And yet another way to describe Health Savings Accounts, is as a series of places to put money, voluntarily moving from one category to another in response to the age of the owner, but potentially to environmental pressures. If the environment changes, the money might need to migrate, but it never disappears unless the owner spends it. Ideally, the money moves smoothly around in a circle, but it could pile up if some subscriber had unexpected personal situations. It's the subscriber's money, so we wanted to avoid locking him in, except by suggesting the most advantageous way to grow it or spend it. Many voluntary features could have been mandatory, with about the same result, but we wanted subscribers to innovate. The philosophy was that of the college president who built a new college without sidewalks. Only after the students had worn paths of choice in the lawn, did he order the paths to be covered with concrete. Here is a summary of the environmental factors we felt might change enough to warrant new pathways. The same idea applies to repairing the lawn after a hard summer.
Demographics. China found it didn't work to limit families to one child, and selective abortions in India caused the same disruptions. The baby boom bulge is a notorious example of a population bulge working its way through the steps, until it finally came to rest in Medicare, threatening the program with bankruptcy when later generations don't bulge enough to support their parents. Some bulges and shortfalls are predictable almost a century ahead, and while the migration of illness and good health is slower, it will pretty surely boil down to two enduring health costs: birth and death. So, the demographics of each generation are basic, and they are often predictable. In our society's view, there is little you could or should do about it, so although we can predict demographic surplus and shortage, we should accommodate the effects, not directly modify the cause.
Wars and Depressions; Inflation and Deflation. Major disasters affect all generations, but sickness concentrates by age. Furthermore, health disabilities from war affect those of military age and their successors, and recessions cast a long shadow over later income potentials. It might be helpful to set aside funds for these disasters, since it is possible to estimate the coming economic effects, and to start generating income for approaching shortages. There may even be usable information about earlier wars and recessions on which to base such estimates.
Economics is known as the dismal science, reflecting scepticism about the predictions of economists. However, they are getting better at prediction, and should be given a chance to estimate the future effects on health care costs, to the degree they modify the modifiers. The more we do this sort of thing, the more we may find certain predictions cancel each other out. And economists' predictions are likely to reinforce opinion that the best option is to steer for price stability, rather than resort to violent course reversals, a view not universally held by politicians.
The Nozzle of Transfer Points. It took the Federal Reserve a long period of experimentation to discover its most effective tool for modifying economics in the currency markets was to adjust short-term interest rates. In the economics of health care, I would venture the most effect can be had with the least commotion, by adjusting the transfer limits as money flows between age groups. When the leverage at age 21 approaches over 500-fold, the ranges of power over health spending are enormous. Therefore, regular transfers from the federal Treasury may be quite small, but probably should be prevented from going to zero. Since it is envisioned that grandparents might bequeath a certain portion of their death surplus generated from Medicare without reducing Medicare benefits, the small initial cash deposit is a point which would be noticed least in a panic. Alternatively, adjustments of the amount the grandparent was allowed to bequeath could have a similar muliplier on far larger sums of money. Ultimately, such modifications would have to be reversed when such funds start to accumulate income, but considerable time would pass, between age 21 and 65, to accomplish it. Both government and subscriber must learn the cheapest time to pay bills is while they are small.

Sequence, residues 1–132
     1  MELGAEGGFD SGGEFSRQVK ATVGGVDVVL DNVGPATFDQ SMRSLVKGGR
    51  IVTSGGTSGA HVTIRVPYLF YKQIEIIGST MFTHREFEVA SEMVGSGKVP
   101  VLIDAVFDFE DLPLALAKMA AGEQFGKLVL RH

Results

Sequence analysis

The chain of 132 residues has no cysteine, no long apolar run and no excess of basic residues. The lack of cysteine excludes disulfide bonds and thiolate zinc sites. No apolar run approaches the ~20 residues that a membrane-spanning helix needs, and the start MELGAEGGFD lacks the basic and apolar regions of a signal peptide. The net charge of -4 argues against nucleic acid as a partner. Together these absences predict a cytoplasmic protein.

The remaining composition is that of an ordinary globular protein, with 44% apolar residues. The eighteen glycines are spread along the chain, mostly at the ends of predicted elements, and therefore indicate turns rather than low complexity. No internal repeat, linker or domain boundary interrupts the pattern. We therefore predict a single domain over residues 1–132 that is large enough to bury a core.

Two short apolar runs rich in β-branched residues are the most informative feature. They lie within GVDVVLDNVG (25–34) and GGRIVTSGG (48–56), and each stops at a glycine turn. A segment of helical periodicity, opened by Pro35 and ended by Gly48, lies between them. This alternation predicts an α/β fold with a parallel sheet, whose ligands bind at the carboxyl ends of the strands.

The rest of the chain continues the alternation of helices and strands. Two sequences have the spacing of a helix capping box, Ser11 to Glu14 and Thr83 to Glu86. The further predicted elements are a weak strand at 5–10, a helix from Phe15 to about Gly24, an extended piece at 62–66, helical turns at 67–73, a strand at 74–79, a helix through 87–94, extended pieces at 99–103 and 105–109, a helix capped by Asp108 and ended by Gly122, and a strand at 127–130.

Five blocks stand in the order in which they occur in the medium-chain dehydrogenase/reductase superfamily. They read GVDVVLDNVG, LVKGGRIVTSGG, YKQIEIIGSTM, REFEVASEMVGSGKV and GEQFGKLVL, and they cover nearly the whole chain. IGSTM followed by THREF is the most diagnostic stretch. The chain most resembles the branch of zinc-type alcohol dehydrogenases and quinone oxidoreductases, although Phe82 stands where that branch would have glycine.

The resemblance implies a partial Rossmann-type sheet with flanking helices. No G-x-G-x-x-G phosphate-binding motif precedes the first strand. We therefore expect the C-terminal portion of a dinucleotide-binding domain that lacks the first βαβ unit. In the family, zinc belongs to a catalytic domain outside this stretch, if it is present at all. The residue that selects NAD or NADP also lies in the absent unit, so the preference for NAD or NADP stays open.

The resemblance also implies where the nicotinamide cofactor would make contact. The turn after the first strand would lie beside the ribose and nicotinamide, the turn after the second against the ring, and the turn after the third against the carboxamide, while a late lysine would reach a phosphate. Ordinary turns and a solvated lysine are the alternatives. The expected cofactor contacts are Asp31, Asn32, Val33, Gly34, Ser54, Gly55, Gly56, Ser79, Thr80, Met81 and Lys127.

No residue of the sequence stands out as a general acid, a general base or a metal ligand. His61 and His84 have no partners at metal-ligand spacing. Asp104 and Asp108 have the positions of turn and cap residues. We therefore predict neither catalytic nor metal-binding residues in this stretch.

A second adjustment tool exists in the ability to require account balances to shrink or go to zero. The money would be given to the account holder, but would simply stop generating income until the required adjustment took place. Opportunities would appear at birth, at age 21, at age 65, and at death. Furthermore, large populations would achieve these ages at different times, so opportunities for adjustment would extend over a range of time. It took the Federal Reserve a long time to learn the sensitivity of adjusting interest rates, and it would take an equally long time to learn how to use these tools as well. It took a particularly long time to learn the most important lesson of all: what the limits were, for accomplishing anything worth-while with these tools, at all. Everything speaks in favor of establishing a monitoring agency, with defined powers and required limits, permanently devoted to this subject alone, periodically reporting its findings to the public.